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  Reply # 951500 13-Dec-2013 10:37
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  Reply # 951507 13-Dec-2013 10:57
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timmmay: Not sure why anyone would need 10GE at home. I did put in Cat6, just because I could, but mine are relatively short point to point runs not a full fitout.

you wouldnt right now, but im just talking about future proofing. im sure if you went back in time and told someone in the 90's to put in cables for gigabit ethernet they'd have said the same thing, might as well get it all done now.

I honestly think you're better off wiring for what you need now or plan to need in the short term. Just make sure you can replace that wiring easily if you need to. Good cable routing, reasonable size holes, wiring to every room, that sort of thing. 

There is no guarantee that cat6 will be any good for what you need in the future. Unless you can get it cheap, or you're planning on using something that specifically needs it, I wouldn't bother.

Edit: If you'd "future proofed" in the 90's, you'd have installed cat5 (not cat5e) which is no good for gigabit networking. Cat5e was introduced in @2001.

Location: Dunedin




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  Reply # 952265 14-Dec-2013 19:14
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Ignoring the Cat5/6 debate for now.

Ok, so this is where my noobness comes into play.

We're still only on ADSL2+, fibre hasn't been run to our area of Auckland yet.  I suppose I could always move onto VDSL.

At the moment we tend to get up to:


  • Online PS3 gaming
  • Streaming TV and Movies
  • The odd online PC games but I seriously need to upgrade my PC so this is limited at the moment

In terms of the home network what determines if you need gigabit speed?

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  Reply # 952269 14-Dec-2013 19:21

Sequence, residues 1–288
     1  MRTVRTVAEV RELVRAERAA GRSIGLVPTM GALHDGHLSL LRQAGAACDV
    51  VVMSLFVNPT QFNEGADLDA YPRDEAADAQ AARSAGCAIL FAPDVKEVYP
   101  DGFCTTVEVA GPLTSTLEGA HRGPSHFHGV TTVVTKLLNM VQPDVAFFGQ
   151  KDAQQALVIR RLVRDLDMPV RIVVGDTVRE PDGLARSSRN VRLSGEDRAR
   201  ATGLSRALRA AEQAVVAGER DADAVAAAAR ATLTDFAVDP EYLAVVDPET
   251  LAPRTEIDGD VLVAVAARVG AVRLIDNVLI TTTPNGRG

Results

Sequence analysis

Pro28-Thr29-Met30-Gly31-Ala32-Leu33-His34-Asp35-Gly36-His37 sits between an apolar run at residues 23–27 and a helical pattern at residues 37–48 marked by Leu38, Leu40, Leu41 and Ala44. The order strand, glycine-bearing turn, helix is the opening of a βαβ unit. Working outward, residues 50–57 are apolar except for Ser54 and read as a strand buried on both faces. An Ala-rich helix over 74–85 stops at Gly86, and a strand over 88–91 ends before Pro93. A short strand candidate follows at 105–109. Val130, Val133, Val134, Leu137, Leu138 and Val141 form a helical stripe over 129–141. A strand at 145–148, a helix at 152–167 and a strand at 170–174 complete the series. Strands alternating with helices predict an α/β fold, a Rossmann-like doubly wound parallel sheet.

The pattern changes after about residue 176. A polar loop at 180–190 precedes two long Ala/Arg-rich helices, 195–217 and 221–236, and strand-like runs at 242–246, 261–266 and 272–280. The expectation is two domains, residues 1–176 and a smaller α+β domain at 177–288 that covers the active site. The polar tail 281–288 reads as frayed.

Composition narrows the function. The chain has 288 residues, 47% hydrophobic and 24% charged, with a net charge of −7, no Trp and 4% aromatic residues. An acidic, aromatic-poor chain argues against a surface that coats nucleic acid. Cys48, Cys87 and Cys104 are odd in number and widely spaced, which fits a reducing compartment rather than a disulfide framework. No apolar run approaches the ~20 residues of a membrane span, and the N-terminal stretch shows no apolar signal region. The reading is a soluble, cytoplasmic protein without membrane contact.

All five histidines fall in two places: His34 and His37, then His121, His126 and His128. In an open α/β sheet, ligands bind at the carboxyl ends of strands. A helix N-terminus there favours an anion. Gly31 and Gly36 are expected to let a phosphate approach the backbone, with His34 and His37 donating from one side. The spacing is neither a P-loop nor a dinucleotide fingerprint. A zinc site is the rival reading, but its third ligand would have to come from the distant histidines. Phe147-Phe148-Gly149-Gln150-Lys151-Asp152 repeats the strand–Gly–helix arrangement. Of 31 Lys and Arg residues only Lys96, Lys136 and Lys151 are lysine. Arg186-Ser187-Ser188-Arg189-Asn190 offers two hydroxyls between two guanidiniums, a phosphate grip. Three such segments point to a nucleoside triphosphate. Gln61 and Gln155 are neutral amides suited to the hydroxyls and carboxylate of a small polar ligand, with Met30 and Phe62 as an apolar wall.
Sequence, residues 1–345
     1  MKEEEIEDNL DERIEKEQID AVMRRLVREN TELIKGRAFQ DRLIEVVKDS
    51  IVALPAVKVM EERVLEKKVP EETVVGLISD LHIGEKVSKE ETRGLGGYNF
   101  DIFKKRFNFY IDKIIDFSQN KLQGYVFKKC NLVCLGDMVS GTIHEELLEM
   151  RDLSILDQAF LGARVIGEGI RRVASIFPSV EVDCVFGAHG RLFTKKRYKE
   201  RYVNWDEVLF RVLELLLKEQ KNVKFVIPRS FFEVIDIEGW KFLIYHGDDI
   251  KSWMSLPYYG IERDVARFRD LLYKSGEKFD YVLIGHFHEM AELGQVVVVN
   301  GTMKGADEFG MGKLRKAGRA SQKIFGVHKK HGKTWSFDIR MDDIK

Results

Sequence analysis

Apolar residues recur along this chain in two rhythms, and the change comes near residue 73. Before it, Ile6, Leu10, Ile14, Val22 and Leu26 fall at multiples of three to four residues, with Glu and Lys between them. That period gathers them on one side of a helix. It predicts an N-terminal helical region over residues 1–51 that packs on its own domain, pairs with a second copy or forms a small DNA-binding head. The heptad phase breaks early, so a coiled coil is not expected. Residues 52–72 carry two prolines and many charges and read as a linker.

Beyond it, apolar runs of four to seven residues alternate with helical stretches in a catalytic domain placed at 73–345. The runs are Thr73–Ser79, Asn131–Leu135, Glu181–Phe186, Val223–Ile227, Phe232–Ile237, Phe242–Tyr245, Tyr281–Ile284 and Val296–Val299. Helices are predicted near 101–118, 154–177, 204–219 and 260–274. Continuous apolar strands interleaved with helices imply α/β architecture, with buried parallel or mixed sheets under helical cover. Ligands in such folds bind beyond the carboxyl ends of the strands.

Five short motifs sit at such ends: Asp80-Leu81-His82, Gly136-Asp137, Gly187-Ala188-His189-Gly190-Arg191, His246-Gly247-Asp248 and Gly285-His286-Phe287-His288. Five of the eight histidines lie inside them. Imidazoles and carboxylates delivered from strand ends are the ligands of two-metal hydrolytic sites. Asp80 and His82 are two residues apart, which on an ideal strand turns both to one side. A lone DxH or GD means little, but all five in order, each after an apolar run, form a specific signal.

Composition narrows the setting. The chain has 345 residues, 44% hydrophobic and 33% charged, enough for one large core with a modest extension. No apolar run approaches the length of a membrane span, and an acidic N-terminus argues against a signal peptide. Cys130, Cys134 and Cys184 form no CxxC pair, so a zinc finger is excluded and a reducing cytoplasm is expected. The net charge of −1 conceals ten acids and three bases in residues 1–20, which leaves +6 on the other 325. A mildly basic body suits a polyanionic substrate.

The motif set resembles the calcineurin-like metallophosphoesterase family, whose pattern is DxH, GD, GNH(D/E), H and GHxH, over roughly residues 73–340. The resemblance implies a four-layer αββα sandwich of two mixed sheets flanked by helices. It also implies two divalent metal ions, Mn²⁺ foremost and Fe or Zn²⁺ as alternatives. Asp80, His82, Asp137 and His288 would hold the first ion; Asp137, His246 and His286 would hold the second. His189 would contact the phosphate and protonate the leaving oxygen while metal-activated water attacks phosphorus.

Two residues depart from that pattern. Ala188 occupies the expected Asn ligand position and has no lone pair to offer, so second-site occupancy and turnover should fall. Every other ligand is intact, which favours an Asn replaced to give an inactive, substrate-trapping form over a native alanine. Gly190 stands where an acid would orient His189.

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sabrewarri0r: In terms of the home network what determines if you need gigabit speed?

What you are wanting to do within your home i.e. not dependant on the outside world.

If most of what you want to do is each device communicating to and from the internet, then a 100Mb/s switch will be fine. If on the other hand you are moving large amounts of data between devices inside your home (multiple HD video streams, backups etc.) then you may want to go faster.

With wired networks inside your home, 3 basic things will influence the speed - client device capability (what network card does it have), cabling (Cat5e, 6 etc.) and the actual switch that everything connects to.

With WiFi, it's similar - client capability, AP capability, wired connected to AP, interference.

Of course, if in the future you get a significantly faster internet connection (200Mb/s UFB is starting to appear now), then a 100Mb/s LAN will start being a bottleneck.

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  Reply # 952323 14-Dec-2013 20:25
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Not that a 200Mb/s internet connection means you will get anywhere near that download speed!!

If you are starting from scratch you might as well use a gigabit switch/router as they are not expensive. If you already have 100Mb/s, it costs little to upgrade later.

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  Reply # 952346 14-Dec-2013 20:52
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linw: Not that a 200Mb/s internet connection means you will get anywhere near that download speed!!

Getting OT, but you haven't seen this thread then ;-)

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  Reply # 952427 15-Dec-2013 08:19
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Yes, I've seen that but I was thinking of real tasks like streaming or downloading from servers other than local speed test servers. Like a MS update of 15MB took a few minutes yesterday on my fibre connection!

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  Reply # 955815 21-Dec-2013 14:09
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timmmay: I thought Cat5E did gigabit? This link suggests it does. Though no real downsides other than a slightly higher cost, and it's less flexible.

it does do gigabit, but what i mean is when they have something faster than gigabit, like 10g or something, that wouldnt work on cat5

Cat5 does not do gigabit (or at least its not supposed to with out a high bit error rate) but you can't buy it anymore. Cat5e does Gigabit, its at the edge of its performance but ok if installed carefully without being crimped/kinked or anything. Cat6 does Gigabit comfortably and 10Gig up to 30m or 50m, just as easy to install if you can keep minimal wire exposed for termination. Cat6A does full 10Gig. Cat7 is shielded and needs special everything, don't go there.

Gigabit is only useful if you do big local data transfers, especially movies etc, such as with a networked printer, NAS or home theatre setup.

Qualified in business, certified in fibre, stuck in copper, have to keep going  ^_^

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